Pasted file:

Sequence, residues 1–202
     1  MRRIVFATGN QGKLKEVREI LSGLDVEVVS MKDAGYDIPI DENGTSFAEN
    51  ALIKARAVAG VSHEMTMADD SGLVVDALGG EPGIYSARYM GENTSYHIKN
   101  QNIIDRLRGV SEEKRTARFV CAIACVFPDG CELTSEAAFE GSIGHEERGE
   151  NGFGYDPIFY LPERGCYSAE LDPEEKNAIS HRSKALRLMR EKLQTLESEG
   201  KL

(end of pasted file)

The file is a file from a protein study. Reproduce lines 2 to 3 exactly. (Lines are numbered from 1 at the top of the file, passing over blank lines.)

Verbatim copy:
     1  MRRIVFATGN QGKLKEVREI LSGLDVEVVS MKDAGYDIPI DENGTSFAEN
    51  ALIKARAVAG VSHEMTMADD SGLVVDALGG EPGIYSARYM GENTSYHIKN